More on Seasonal Eating (and Living)

Here’s an update on what’s growing right now in the Northeast: almost everything. This can be a bit overwhelming, but if you can find a way to fit snap peas, beets & beet greens, broccoli, cabbage, carrots, collards, corn, cucumbers, onions, peppers, potatoes, radishes, scallions, spinach, summer squash, chard, turnip greens, blueberries, cherries, peaches, raspberries, and plums into your diet, you’ll probably be feeling extremely good. You could live solely on the abundance of fruits and vegetables available now and actually, that might not be such a bad idea. If you work in a freezing air-conditioned office it gets confusing (you might be craving hot soups, hunks of meat and fried food from 9 to 5), but anyone spending any time outside would benefit from eating fresh, raw plant food. Even the harder root vegetables can be juiced or sliced up very thin for a salad. Of course, I recommend getting most of this food locally grown if you can – that’s really the whole point.

What I’m interested in talking about this month, however, is not just food but also other aspects of seasonal living. This will require me to write a little about the Five Element Theory, which is an integral part of the ancient Chinese medical system. Essentially, the theory states that all energy or substance can be categorized according to the above-mentioned five elements (wood, fire, earth, metal, and water), each of which has its own unique characteristics. For example, the five seasons (spring, summer, late summer, autumn, and winter) correspond to the elements above. Summer, being aligned with the Fire element, is naturally the hottest month. The system expands to include bodily organs, colors, foods, sounds, tastes, directions, phase of development, and emotions. The theory comes from centuries of observations of relationships between nature and the physical body, and is applied clinically in traditional Chinese medicine. For example, the wood element, linked to spring, is also the element of anger, the sour taste, the tendons and sinews, and the liver and the gallbladder as well as the eyes. This means that a person suffering from bloodshot eyes or with a lot of otherwise inexplicable anger might be in truth suffering from a stressed liver.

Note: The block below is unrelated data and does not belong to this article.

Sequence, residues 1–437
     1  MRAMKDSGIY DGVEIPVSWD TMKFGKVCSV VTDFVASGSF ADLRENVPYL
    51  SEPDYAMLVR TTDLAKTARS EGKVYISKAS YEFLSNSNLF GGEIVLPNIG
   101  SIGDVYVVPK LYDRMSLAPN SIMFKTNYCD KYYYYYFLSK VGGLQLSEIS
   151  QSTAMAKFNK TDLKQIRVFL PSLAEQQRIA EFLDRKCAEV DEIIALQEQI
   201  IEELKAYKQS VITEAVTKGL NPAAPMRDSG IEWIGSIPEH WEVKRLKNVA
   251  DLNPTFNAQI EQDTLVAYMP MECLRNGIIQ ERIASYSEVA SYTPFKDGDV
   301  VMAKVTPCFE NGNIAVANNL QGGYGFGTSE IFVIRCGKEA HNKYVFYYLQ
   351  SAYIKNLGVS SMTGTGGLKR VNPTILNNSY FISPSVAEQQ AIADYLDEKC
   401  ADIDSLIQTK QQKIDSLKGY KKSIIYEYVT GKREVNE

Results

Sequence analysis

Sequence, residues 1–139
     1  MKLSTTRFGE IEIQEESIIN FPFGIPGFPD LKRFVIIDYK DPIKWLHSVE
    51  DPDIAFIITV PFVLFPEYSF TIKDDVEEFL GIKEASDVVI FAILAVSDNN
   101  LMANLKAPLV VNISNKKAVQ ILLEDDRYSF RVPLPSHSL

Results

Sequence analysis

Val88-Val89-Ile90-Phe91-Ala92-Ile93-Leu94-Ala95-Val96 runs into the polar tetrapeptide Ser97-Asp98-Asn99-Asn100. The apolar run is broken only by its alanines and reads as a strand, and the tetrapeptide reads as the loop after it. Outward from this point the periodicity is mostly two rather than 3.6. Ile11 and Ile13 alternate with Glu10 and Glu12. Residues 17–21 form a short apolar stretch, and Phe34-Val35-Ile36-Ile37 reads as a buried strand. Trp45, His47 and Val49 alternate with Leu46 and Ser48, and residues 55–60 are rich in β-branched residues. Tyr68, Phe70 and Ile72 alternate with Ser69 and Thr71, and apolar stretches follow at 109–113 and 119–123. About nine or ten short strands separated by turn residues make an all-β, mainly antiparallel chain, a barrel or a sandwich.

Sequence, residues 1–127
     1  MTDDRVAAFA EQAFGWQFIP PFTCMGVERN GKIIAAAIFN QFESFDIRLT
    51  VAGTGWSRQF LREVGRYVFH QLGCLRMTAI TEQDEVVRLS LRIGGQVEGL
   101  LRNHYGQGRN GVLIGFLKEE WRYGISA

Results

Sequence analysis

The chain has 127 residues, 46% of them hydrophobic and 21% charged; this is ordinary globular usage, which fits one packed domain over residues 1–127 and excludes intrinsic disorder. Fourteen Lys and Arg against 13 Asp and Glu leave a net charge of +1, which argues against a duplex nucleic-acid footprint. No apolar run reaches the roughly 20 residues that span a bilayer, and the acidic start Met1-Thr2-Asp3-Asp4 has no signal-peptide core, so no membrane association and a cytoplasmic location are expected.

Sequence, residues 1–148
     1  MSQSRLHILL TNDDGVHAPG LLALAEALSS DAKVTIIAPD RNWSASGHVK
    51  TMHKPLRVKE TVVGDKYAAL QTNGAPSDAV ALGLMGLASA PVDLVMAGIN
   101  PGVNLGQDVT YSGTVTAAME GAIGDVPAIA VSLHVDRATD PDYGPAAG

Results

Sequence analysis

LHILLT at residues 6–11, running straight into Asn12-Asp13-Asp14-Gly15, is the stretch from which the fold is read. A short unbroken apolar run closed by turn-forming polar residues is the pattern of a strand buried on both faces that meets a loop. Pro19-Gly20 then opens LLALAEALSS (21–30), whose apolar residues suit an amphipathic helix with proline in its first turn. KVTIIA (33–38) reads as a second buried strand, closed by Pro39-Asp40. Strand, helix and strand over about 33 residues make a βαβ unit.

I’ve mentioned this because when I write about the given season we’re in, I’ll sometimes refer to other things that share the same element. The season we are in now – summer – is closely associated with the emotion of joy. This means that summer is really the season when doing things that make you joyful is especially recommended. It’s also the time to take care of the small intestine and the heart, the organs belonging to the fire element, and the time to sweat a lot of things out (each element is also paired with a bodily fluid). It’s no accident that summer is when a lot of weddings happen (a topic that’s been on my mind lately). Some things you can do to be more in tune with this season: wake up early, spend time out in the sun, cook a variety of brightly colored food (but lighter food – for example, if you eat whole grains, try summer grains such as millet or corn rather than wheat, rice, or buckwheat), set up some flowers in your home, go to the beach, play with your friends, watch heartwarming comedies while eating popcorn (don’t microwave it, though). You can make up your own list of things that make you joyful – then go out and do the things on it! And if you are confused about the dangers of being out in the sun – read the last article.

There’s a lot more to the five element theory than what I have space to go into above – but if you’re interested in hearing more, let me know. Paul Pitchford’s book Healing with Whole Foods has probably the best analysis of it that I know, and Annemarie Colbin’s Food and Healing also has a good treatment (aren’t these book titles sounding a little redundant?).